Colour blindness and design
Even if you (a designer) are not colour blind, over 8% of your male clients are likely to be, as are the 8% of their male target markets (colour blindness is rarer in females).
It’s important to be as inclusive as you can. Designing your work with no consideration for this substantial group could be a huge mistake.
Firstly, it’s important to understand the different types of colour blindness. Here is an overview of the sorts of colours which colour blind people see.
Every type of colour blindness can cause inconveniences, especially in regards to user experience. Because many colours look similar to one another, it can cause problems when using an interface; text can be unreadable, call to action buttons may not be prominent.
When designing a brand, product or a user interface, it’s important to consider a colour blind audience to ensure that what you’re designing is 100% accessible – It’s just good design practice.
Before we explore a few tips on how to create design with a colour-blind audience in mind, how about a quick test?
Are you colour blind?
If you see the number 74 in the image above, you’re good to go. However, if you see a 21 or nothing, then you are most likely red-green colour bind. Take a full test here if you’re not convinced.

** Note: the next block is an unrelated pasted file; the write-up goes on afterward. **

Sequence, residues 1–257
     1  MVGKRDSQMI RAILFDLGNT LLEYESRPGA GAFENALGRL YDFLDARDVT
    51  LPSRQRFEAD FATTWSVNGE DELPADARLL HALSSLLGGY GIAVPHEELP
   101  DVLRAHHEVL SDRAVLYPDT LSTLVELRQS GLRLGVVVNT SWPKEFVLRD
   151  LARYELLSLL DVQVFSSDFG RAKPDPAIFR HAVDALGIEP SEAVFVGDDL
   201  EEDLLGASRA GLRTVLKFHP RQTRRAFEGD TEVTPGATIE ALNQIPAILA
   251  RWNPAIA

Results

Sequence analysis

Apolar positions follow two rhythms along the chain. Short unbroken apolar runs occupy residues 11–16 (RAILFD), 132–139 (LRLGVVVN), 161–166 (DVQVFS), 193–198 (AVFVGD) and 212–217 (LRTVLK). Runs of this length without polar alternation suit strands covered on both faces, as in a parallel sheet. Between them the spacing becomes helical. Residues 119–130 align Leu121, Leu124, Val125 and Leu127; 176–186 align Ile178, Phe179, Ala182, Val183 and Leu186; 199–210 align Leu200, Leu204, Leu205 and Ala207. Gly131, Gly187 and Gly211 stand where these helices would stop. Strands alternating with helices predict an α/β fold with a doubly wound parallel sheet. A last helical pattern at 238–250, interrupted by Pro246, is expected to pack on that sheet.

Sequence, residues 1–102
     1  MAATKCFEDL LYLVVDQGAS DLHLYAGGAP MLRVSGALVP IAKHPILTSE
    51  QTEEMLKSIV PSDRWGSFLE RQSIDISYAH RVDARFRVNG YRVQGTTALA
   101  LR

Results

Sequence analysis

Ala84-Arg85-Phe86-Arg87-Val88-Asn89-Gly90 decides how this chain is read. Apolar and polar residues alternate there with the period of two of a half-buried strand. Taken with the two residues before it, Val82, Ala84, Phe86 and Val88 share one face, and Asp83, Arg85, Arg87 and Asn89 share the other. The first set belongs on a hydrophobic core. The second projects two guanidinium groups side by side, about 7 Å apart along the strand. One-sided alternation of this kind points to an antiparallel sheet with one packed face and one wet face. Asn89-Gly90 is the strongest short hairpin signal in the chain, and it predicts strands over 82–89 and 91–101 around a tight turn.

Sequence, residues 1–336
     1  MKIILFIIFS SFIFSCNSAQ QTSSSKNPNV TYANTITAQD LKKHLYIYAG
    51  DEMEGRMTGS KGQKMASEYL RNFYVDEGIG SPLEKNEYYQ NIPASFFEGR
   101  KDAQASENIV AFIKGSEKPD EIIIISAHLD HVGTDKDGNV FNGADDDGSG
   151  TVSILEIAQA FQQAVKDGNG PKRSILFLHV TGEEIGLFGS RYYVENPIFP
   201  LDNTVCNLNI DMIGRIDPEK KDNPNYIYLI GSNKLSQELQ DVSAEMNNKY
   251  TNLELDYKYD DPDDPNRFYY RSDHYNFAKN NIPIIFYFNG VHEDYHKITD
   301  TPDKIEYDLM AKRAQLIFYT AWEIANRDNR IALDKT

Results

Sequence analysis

You’re not colour blind, but you still need to consider a colour-blind audience.
Designing with a colour-blind audience in mind is actually a lot simpler than you think.
1/ Use high contrast. People who are colour blind can still perceive contrast, saturation and brightness, so use this to your advantage.
2/ Incorporate texture. Especially when designing infographics, texture/patterns can help differentiate between objects.
3/ Never use colour alone to convey a message or indicate an action. Incorporate text and symbols to also get your point across.
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